exterior wiring for sprinkler control panel

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  #1  
Old 05-31-14, 09:20 PM
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exterior wiring for sprinkler control panel

First, thanks to everyone that helps with answers on this forum. I really appreciate all of the effort. Itís been fun reading the historical postings even when theyíre not relevant to my needs.

I need to replace a sick 18-zone irrigation controller. I have the new one ready to install. This seems like a good time to clean up some past sins in the wiring, but Iím unsure of the best way to do so. On paper, all the connections are easy and I completely understand that from a schematic point of view. What Iím looking for is more recommendations on materials.

The attached photo shows the controller box mounted to an exterior (stucco) wall. AC power comes from a junction box at the right, through what I believe to be Carflex or similar. An ancestor of that controller box used to be mounted on the brick wall to the left. When it was replaced, the power line should have been shortened, but was not, leaving way too much slack, as you can see in the photo.

The 24 VAC zone wiring runs through 2 inch PVC at the base of the brick wall, then into an elbow (90 degrees right). The wiring from there to the controller is not protected very well from the elements, including animal teeth. This seems like a good time to clean that up, but there is not much slack in that and I want to mount the new box at a more comfortable height to use it. That means adding some sort of junction box.

The zone wiring is 19 wires that are more hefty than they need to be Ė probably solid 16 AWG with very thick insulation. The controller manufacturer recommends 18 AWG wire, but I gather thatís more for underground durability than for actual current need. The zone solenoids appear to draw < 1.7A at 24 VAC. Only 1 of the 18 zones is active at any given time. Given that, even something like 22 AWG wire seems like it should be fine for the short distance from the base of the wall to the terminal strips inside the controller. I need to do that transition somewhere along that short distance.

A complication is that the AC power junction box in the picture is to the right of the controller, while the transformer it connects to is at the bottom left corner of the controller. The incoming power feed has to cross (horizontally) the (vertical) 2 inch conduit adapter for the zone wiring and the controller box isnít deep enough to do that easily with 2 inch conduit. Given the very modest current demands on the 24 VAC lines, Iím thinking it might help to reduce the diameter of that conduit adapter and use lighter zone wiring as it enters the box.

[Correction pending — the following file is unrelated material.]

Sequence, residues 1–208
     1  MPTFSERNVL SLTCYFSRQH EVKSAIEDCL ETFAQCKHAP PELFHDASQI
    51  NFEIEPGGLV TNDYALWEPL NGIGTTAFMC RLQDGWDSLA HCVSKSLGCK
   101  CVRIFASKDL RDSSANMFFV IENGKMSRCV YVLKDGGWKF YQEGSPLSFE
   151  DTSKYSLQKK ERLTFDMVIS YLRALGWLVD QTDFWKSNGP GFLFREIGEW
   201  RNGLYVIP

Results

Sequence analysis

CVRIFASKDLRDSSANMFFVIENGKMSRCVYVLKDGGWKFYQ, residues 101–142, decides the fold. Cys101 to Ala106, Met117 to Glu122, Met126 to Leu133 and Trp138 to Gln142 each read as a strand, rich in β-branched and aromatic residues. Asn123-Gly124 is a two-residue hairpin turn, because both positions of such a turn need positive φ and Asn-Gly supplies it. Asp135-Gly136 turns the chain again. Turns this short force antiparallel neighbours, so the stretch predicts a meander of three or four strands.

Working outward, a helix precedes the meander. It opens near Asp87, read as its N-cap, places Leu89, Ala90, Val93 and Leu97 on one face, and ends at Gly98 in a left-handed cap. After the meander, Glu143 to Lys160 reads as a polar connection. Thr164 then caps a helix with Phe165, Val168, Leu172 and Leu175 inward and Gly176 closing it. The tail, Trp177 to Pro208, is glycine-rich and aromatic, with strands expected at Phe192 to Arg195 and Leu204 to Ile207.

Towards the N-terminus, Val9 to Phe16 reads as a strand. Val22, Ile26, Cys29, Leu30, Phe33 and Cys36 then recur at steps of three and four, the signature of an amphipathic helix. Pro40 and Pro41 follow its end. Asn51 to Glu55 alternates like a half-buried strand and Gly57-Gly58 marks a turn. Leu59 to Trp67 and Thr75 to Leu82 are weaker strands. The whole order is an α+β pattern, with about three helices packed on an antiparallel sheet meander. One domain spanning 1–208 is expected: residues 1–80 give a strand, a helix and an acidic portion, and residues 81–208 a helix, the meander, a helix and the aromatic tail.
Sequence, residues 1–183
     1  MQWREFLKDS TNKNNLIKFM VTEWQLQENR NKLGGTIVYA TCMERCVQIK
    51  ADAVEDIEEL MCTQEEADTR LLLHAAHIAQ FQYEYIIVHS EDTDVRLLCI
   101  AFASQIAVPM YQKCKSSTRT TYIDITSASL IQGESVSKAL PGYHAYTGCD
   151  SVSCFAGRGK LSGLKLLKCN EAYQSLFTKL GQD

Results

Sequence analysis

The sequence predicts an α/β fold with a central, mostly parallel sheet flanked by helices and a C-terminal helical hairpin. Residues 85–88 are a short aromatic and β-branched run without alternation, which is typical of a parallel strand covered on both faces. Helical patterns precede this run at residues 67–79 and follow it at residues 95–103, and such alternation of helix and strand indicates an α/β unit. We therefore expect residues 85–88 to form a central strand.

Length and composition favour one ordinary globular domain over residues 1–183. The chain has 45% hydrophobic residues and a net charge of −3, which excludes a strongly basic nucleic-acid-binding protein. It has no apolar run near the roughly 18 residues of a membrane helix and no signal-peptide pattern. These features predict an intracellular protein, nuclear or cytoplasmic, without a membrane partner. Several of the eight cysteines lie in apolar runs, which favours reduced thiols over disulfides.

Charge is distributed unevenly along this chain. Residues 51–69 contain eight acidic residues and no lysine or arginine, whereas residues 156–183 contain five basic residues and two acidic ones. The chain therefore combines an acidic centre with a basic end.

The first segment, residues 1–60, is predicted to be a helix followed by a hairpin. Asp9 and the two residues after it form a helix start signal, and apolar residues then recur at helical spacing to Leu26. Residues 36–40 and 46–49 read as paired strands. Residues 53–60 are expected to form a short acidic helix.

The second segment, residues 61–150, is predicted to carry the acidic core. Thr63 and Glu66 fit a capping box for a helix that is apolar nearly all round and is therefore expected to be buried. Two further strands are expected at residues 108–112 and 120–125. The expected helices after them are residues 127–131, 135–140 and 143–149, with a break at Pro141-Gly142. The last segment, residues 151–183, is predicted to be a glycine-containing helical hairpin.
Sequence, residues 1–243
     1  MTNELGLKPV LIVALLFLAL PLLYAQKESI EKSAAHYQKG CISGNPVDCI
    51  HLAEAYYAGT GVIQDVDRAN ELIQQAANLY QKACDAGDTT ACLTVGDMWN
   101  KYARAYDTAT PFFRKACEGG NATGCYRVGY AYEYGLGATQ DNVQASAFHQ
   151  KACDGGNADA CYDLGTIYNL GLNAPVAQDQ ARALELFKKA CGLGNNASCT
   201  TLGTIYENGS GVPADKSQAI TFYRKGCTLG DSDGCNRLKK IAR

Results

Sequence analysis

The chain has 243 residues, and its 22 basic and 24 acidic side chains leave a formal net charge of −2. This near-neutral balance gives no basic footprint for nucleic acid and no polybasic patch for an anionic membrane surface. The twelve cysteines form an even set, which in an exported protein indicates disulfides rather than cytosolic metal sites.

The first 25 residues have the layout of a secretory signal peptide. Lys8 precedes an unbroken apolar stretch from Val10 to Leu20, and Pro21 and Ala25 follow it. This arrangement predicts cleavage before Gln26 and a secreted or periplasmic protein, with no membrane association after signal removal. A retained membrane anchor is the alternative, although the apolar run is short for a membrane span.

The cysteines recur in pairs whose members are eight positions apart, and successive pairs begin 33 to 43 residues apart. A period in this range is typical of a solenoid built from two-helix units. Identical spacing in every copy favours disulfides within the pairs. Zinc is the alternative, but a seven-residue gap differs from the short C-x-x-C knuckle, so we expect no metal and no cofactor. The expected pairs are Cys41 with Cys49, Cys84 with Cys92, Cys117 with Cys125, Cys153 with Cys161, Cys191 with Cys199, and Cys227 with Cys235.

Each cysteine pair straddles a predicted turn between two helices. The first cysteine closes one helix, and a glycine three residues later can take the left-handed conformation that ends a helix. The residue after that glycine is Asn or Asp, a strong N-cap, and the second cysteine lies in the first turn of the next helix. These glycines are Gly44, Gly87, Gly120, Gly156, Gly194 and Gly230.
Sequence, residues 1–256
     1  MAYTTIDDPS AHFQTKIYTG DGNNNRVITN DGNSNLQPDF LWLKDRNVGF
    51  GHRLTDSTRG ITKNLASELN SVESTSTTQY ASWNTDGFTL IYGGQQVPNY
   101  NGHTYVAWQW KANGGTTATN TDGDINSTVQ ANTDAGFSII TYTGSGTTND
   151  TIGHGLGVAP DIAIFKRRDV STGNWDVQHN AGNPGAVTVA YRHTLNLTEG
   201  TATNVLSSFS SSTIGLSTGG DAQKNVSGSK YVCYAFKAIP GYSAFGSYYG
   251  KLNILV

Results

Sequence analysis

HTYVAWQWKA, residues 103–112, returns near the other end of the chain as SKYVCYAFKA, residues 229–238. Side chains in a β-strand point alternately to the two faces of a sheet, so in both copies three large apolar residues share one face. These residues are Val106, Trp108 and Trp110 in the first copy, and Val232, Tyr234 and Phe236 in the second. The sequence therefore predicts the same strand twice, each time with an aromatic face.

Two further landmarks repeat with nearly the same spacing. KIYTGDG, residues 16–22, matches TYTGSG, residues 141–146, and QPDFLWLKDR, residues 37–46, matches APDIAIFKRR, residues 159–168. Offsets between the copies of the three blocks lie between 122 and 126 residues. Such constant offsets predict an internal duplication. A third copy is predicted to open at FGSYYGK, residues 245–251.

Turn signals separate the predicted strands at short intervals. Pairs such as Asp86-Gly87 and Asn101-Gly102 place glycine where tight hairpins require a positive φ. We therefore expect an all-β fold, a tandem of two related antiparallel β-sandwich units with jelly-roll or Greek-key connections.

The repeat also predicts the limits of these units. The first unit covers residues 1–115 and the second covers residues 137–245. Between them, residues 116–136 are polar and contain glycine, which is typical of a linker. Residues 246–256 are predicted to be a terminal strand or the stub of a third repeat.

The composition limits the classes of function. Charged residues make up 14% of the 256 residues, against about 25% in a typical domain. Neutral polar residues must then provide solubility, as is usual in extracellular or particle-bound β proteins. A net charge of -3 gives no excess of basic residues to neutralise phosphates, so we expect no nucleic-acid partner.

The brick wall surrounds a pool area. I donít want to add any junction boxes, etc. in places that would give unauthorized people footholds to climb that wall. Putting them on the stucco wall is fine, other than the pain of drilling into stucco.

My questions are therefore:
1) Whatís the best way to protect the zone wiring between the base of the wall and the controller? Rigid conduit or standard PVC elbows donít seem like good matches due to the short distance and need for a number of rapid changes in direction. (Minimum curve radius issues and ď%fullĒ issues, especially with the large number of wires (19) and thick insulation on them). Is there some form of flexible conduit that could be used for this short distance? It would need to contain a wire bundle of about 1-1/4 Ė 1-3/8 inch diameter, independent of any NEC constraints. Something like hollowed out Carflex but in a 1.5 or 2 inch diameter would seem sufficient but Iím open to any suggestions. Iíve tried to think how I might build this out of standard PVC conduit elbows, etc. and havenít found anything that seems practical. Metal conduit in an area that is frequently wet seems suboptimal, too. How is this normally dealt with in the real world?

2) It would seem cleaner, for lots of reasons, to drop the 16 AWG wire down to a much smaller gauge for those last few feet. Jamming 19 wire nuts into a junction box doesnít sound easy and I donít see obvious sources of junction boxes that accept 2 inch conduit yet are otherwise sanely sized. Some form of dual post terminal strip for each of the 19 wires would simplify that, allowing a much smaller conduit to connect to the controller box but Iím not sure what type of enclosure to do the transition to the smaller wires in or how to attach terminal strips within the box.